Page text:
Jenson Button quit F1 in 2016 after 17 years “in the game.”
His father had died a couple of years earlier and without him the paddock hadn’t quite been the same. Life in “Formulaoneville”, identical whatever the coordinates, had become a little monotonous. And he had reached the stage in a man’s life when it’s time to move on to triathlons, decorating and “some other way of earning a crust.”
To Button, this crust-earning business is a priority, as to his astonishment, after being in “a state of suspended animation between the ages of 19 and 37”, he became “a grown-up,” which included, for the first time in his life, paying bills.
“Suddenly,” he says,
I was pulling out my hair because they were coming out of nowhere.
For someone whose first salary as the youngest ever F1 driver at 20 was a half a million quid, and whose net worth is guessed at $100million+, sympathy for his bill-paying anxiety may not arrive at the speeds he is used to, especially as he still races in Japanese SuperGT and does F1 work for Sky.
But then once you start to notice it, a big part of being an F1 driver appears to be paying close attention to how much things cost. A Formula One team: $200-400million. The McLaren racing simulator: £30million.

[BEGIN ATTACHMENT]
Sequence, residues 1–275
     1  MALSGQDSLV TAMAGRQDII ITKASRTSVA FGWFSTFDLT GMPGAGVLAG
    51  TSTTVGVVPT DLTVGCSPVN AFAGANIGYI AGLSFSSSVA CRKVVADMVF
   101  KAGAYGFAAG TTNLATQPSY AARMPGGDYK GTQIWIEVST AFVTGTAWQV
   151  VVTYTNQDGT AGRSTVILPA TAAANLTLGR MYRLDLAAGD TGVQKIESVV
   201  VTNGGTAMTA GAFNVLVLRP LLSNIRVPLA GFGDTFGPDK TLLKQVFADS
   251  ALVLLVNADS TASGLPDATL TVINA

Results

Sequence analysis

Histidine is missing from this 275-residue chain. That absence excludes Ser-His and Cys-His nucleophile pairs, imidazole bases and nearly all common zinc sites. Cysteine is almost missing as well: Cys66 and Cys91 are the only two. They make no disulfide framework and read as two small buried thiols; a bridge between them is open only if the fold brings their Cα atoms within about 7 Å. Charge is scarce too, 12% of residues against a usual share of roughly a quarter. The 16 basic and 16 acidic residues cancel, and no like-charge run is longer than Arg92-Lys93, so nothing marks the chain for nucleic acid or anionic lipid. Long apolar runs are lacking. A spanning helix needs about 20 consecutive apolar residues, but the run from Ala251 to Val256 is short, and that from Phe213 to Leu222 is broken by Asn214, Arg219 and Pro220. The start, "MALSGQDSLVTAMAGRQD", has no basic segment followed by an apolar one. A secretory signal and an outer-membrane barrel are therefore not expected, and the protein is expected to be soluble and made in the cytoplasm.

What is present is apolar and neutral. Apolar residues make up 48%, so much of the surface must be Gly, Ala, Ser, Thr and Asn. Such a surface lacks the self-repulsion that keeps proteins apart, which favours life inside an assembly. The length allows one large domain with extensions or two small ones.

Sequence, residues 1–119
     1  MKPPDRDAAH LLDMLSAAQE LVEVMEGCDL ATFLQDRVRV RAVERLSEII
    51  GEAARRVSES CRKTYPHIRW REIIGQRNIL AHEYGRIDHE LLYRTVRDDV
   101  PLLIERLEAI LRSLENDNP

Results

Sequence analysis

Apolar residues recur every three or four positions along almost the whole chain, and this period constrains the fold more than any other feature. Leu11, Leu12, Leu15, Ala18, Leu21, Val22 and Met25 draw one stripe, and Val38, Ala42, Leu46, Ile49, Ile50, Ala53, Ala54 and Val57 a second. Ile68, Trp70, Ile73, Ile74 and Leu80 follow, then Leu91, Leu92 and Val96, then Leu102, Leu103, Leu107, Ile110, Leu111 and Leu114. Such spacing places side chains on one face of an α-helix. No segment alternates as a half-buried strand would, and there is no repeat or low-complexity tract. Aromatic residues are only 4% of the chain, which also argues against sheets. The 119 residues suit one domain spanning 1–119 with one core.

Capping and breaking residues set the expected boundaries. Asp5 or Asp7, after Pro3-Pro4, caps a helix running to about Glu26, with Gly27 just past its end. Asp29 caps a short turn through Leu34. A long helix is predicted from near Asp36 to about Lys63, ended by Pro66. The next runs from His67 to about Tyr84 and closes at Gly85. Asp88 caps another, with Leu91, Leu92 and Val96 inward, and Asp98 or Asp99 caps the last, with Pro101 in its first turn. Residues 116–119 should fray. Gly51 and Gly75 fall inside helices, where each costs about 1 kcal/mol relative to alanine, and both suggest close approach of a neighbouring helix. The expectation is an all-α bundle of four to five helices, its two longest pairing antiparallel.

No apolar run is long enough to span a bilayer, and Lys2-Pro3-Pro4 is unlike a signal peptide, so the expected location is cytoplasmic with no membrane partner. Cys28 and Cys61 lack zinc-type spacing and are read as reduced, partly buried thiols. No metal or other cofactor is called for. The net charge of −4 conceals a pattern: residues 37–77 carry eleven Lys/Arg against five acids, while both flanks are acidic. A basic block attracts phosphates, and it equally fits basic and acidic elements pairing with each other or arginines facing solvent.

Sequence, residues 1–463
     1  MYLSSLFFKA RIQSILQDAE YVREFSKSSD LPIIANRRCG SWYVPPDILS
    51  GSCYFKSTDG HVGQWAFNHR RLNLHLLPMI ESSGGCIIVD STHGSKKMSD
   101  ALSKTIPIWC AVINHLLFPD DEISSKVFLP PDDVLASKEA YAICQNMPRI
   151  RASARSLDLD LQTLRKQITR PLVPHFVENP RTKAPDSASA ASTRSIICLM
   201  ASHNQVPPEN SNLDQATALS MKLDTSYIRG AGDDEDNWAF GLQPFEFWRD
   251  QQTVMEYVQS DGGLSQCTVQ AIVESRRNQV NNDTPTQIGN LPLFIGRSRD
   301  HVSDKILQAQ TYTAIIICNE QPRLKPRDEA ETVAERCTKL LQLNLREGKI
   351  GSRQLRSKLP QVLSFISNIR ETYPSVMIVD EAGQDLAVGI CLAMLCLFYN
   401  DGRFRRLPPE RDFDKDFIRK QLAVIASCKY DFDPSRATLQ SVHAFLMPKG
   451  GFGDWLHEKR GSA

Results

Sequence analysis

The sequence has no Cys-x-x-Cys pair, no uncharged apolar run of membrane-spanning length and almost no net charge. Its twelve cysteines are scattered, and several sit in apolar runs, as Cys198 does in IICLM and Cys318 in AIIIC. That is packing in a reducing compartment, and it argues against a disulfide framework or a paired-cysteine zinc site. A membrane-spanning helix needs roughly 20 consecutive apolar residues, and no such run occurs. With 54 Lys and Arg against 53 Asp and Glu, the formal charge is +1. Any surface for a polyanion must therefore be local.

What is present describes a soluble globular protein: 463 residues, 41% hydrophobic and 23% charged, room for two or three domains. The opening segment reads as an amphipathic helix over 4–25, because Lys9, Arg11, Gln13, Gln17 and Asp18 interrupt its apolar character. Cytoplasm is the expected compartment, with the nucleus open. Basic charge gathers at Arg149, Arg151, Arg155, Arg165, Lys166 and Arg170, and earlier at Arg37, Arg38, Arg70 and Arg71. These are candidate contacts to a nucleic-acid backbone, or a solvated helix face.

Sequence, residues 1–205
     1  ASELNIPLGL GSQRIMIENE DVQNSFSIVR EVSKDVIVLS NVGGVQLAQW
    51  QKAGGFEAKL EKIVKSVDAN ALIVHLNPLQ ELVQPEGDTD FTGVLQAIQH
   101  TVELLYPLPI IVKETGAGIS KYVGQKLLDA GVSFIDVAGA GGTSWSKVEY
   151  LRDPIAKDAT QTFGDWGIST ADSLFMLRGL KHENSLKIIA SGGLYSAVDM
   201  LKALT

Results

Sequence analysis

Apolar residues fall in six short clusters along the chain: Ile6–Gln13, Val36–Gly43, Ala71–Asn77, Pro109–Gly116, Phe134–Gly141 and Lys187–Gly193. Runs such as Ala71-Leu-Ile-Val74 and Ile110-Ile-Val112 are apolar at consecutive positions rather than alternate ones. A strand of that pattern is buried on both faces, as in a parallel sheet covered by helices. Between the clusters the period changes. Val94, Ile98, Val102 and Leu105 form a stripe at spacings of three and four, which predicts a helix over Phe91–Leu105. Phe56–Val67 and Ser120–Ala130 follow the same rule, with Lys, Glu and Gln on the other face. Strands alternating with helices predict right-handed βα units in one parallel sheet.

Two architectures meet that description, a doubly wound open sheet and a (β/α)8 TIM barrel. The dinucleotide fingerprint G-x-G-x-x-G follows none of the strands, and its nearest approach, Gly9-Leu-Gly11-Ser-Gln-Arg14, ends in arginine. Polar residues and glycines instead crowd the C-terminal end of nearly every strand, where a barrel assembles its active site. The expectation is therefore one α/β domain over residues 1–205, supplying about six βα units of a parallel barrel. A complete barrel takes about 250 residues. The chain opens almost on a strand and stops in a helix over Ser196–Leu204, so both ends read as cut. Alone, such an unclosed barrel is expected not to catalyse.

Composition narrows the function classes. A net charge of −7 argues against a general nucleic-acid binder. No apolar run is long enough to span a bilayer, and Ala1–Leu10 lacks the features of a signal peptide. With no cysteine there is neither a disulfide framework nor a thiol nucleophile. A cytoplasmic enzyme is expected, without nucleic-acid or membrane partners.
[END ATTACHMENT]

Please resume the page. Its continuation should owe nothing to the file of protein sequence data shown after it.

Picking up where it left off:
The trophies presented to the winners of F1 races: £15-25,000 (although they do come with a lovely presentation box). A replica of the championship trophy: £35,000 (which Button was “a bit put off by.”
Fortunately, his manager bought him one. But that close attention to detail pays dividends as a driver, and if you came to this book expecting, say, the background to why his first marriage didn’t work, then more fool you for not reading the title properly.
It has chapters such as “The anatomy of braking” and “Three races where tyres really mattered.” There is a proper discussion of mechanical grip vs downforce, bantery analysis of how the driver is occasionally overlooked in the quest for aerodynamics, a recent history of F1 clutches with special reference to starting, and how “in a road car, you brake as hard as you can, you still won’t slow down as much as you will just by lifting off in a Formula One car.”
He’s even prepared to let light in on which airline has the best cabin pressure for the flight to Japan (Delta, Airbus 350). But now that you the reader are in possession all that’s required to compete at this level, how is Jenson getting on with the journey in the opposite direction as “a normal Joe”? Well, he’s living in the moment. Putting down roots. Learning so much.
And for the first time noticing “how much I was paying on, say, storage or car insurance, and I could see that there was a lot of money being wasted. It’s been a bit of an eye-opening experience.”
Jenson Button, How to Be an F1 Driver. Blink, £20